By Joshua Benton
The state’s chief regulator of teachers is increasing the priority it places on policing cheating on the TAKS test.
A new set of rules, approved by the State Board for Educator Certification this month, will devote more resources to investigating teachers suspected of doctoring student answers. The rules would also make it easier for school districts to know whether someone applying for a job is suspected of cheating in another district.
“There’s no point in giving a TAKS test if we can’t know the results of that test are the true reflection of a child’s knowledge,” said Bonnie Cain, the superintendent of Pearland schools and the state board’s acting president. “There’s no good in having a test if it doesn’t have integrity.”
The changes come after a Dallas Morning News story in October that found problems with the way schools were informed of the findings of a state investigation into cheating in the now-defunct Wilmer-Hutchins district.
That investigation identified 22 educators who it said “were involved in testing irregularities,” like giving students answer keys or doctoring test documents.
At least 10 of those educators quickly found jobs in other districts, many of which had no knowledge of the findings until informed by The News.
The regulations – which must still pass a few hurdles before taking effect – would divide complaints about teachers into two groups: Priority 1 and Priority 2.
Some examples of Priority 1 offenses: a felony conviction, sex crimes, bringing drugs or weapons onto school property, and a romantic relationship with a student. Priority 2 offenses include things like parent complaints and most misdemeanor crimes.
“There’s no way you can divide up the cases in a way that everyone will be happy with,” Dr. Cain said. “But SBEC needs to be able to prioritize between the really-bad-guy stuff, the kinda-bad-guy stuff, and the ‘not so bad, but we still don’t like it’ stuff.”
The rules formalize a system that had been in place at the agency for the past year and a half. But under that informal system, cheating allegations had been considered Priority 2. The new rules would bump them up to Priority 1.
The new rule targets “serious testing violations,” which it defines as those that involve dishonesty or the intent to fudge the performance of a student or school in the state accountability system. That would cover cheating, but could also include other types of fraud, such as districts changing the racial classification of a student to game the system.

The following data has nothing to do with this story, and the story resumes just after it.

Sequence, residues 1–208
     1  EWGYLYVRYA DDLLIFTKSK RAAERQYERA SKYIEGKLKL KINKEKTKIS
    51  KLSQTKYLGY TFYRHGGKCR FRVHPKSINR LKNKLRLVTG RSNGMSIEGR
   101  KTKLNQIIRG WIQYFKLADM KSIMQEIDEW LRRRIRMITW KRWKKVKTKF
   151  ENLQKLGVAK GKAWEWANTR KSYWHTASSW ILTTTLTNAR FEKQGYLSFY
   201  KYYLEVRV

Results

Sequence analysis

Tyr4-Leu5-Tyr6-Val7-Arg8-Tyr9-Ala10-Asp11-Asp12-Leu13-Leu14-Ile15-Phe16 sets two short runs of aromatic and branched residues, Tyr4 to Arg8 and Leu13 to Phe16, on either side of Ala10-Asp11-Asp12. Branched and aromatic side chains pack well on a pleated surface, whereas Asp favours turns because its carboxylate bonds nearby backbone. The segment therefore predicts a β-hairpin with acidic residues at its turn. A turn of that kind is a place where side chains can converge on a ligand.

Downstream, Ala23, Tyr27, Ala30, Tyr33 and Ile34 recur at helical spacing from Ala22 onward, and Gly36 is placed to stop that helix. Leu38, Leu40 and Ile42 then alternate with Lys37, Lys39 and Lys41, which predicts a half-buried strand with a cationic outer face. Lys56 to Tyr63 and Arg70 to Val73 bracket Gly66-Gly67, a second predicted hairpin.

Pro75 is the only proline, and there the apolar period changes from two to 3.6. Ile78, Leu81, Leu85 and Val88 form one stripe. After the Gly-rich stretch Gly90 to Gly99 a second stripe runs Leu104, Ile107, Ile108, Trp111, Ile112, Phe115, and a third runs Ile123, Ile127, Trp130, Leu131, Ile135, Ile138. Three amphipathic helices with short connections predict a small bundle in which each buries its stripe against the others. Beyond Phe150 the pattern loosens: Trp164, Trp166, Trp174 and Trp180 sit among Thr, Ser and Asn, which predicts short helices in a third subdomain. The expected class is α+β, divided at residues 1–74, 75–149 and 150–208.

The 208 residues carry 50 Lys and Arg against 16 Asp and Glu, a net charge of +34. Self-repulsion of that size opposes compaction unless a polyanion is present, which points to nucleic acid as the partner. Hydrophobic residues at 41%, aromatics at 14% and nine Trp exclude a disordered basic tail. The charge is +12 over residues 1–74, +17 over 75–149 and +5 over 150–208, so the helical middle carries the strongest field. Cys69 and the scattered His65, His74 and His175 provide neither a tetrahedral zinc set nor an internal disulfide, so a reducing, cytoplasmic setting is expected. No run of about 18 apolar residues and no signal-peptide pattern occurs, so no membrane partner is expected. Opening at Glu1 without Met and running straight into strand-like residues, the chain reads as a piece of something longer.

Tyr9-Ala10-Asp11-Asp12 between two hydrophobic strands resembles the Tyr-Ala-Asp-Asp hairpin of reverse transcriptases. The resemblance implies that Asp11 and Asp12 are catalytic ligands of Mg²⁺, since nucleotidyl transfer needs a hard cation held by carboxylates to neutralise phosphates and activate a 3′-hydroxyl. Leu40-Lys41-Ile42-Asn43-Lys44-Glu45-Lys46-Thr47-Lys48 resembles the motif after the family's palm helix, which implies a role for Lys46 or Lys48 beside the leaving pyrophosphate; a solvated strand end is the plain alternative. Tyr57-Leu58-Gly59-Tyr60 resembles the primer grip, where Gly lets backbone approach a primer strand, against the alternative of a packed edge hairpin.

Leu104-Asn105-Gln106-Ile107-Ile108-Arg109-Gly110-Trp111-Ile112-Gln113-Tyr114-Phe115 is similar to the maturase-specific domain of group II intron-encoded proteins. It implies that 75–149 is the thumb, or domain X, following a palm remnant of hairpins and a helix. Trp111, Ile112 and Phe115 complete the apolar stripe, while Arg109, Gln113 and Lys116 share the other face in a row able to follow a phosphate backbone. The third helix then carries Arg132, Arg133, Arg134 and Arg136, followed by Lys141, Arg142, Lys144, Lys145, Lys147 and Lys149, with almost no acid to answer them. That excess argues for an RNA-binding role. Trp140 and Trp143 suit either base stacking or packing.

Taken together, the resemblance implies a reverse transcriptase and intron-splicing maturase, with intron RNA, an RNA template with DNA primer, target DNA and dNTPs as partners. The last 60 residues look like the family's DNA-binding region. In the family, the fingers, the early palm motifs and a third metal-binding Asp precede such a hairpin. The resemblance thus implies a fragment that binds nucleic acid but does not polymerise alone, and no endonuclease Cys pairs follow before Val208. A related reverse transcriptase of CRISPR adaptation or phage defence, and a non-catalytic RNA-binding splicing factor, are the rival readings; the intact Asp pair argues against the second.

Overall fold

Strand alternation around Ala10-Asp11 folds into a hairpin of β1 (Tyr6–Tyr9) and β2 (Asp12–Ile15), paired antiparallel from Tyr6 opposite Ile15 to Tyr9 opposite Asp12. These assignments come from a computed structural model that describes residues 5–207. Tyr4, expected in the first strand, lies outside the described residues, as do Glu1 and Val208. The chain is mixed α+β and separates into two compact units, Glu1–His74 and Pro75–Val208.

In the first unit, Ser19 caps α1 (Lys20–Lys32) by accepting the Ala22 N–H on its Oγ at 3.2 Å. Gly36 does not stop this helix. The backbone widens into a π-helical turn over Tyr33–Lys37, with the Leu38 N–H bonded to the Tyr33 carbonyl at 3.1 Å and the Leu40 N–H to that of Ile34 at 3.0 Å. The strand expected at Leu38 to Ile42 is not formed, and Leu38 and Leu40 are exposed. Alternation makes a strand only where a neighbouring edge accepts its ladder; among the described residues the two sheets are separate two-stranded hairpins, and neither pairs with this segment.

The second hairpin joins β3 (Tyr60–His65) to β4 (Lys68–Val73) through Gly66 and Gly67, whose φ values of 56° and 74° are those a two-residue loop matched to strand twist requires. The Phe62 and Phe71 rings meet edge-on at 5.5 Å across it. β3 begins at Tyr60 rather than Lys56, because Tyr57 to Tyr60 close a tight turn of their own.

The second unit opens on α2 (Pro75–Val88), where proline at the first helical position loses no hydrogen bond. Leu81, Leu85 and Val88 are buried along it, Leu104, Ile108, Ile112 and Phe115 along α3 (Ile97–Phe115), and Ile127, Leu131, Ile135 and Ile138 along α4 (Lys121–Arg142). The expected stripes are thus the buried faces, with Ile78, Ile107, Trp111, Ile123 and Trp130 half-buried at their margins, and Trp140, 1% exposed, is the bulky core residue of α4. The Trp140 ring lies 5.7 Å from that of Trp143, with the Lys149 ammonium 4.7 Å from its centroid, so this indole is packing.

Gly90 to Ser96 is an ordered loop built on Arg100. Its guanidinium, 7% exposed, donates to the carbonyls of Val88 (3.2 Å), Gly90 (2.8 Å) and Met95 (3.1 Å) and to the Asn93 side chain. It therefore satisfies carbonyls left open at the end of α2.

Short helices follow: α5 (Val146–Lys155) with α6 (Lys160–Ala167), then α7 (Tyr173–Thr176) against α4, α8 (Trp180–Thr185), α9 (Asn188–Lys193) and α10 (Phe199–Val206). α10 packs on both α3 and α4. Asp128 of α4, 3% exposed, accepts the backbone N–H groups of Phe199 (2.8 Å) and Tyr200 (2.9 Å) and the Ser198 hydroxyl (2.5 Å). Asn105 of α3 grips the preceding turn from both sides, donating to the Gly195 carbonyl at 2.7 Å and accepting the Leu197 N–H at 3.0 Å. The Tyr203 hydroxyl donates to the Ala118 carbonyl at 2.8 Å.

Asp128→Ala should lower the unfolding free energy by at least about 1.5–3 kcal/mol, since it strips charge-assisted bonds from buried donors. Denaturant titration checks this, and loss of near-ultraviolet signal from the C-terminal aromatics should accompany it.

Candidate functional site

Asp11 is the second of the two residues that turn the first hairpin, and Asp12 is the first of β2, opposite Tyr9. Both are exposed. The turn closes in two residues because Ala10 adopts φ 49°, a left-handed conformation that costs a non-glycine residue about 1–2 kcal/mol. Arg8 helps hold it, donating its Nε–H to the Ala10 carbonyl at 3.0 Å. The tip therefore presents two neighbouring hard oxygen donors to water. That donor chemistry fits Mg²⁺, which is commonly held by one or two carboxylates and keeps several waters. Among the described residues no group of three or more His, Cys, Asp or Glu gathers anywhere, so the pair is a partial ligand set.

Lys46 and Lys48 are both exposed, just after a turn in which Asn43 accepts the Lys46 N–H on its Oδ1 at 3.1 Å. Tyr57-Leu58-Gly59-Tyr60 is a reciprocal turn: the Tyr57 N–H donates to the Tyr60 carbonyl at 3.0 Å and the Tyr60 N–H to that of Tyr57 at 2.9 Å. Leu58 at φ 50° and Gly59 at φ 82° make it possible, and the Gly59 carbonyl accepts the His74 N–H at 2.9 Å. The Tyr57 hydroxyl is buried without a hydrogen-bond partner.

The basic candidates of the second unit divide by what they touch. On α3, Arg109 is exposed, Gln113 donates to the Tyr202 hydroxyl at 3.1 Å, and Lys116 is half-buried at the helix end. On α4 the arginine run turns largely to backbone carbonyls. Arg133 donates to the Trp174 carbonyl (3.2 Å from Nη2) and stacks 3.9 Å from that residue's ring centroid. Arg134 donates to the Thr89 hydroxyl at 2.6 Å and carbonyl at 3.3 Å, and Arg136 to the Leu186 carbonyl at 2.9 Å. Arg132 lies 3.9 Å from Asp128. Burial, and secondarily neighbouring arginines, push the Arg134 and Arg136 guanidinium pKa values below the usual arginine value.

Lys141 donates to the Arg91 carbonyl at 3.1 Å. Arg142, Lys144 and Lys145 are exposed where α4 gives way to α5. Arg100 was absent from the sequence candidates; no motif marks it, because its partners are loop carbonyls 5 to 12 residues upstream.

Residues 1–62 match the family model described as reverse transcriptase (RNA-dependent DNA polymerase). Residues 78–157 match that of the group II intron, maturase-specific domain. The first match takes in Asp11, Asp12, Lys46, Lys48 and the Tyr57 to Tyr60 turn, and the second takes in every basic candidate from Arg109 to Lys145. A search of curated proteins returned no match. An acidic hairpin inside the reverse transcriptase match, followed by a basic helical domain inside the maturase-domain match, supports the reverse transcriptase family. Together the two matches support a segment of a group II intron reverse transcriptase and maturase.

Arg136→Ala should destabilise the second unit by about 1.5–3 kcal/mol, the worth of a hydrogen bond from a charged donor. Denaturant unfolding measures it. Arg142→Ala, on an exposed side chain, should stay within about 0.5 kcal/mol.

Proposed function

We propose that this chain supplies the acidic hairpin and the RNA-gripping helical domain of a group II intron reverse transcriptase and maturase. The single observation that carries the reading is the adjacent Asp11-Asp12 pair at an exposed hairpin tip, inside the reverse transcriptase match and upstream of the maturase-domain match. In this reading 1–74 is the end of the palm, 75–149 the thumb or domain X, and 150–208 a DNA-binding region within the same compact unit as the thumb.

The priority change is important, because the rules also give Texas Education Agency staff more leeway to devote greater resources to high-priority cases – and to close low-priority ones.
Dating back to the days when the board was a separate agency, officials have acknowledged a backlog caused by thousands of relatively minor complaints. The sheer volume clogs the system.
“There are some complaints that have been sitting around for years, literally,” said Jennifer Canaday, a lobbyist for the Association of Texas Public Educators.
SBEC’s staff and responsibilities were merged into TEA in 2005, although the board continues to operate separately from the State Board of Education.
The rules also provide guidance on the agency’s controversial system for flagging teachers’ certificates.
If an educator is currently under investigation by SBEC, a note to that effect is sometimes attached to his or her teaching certificate. Since school districts check a teacher’s certificate before making hiring decisions, a “flag” could potentially prevent an educator from getting a job.
But teacher groups have complained for years that the “flags” are applied inconsistently and are hard to remove.
Because cheating was considered a less important offense by SBEC, many teachers suspected of cheating never had their certificates flagged. For instance, in the Wilmer-Hutchins case, none of the 22 educators identified by state investigation received flags, making it easier for them to find new jobs with other districts.
Under the new rules, Priority 2 cases may no longer cause an accused educator to be flagged. Those charged with a Priority 1 offense may be, but only for up to 240 days in most cases.
(The length of time was a point of contention in negotiations with teacher groups. The groups had pushed for 180 days; state officials had initially suggested 365.)
Teacher groups said they are generally happy with the changes, although there are a few details they still hope to change. “We think flagging is fair, as long as minor incidents aren’t going to trigger a flag and there is a reasonable time limit,” Ms. Canaday said.
The rules are now subjected to a mandatory public comment period, after which the certification board will reconsider them. The State Board of Education will have final say over their adoption.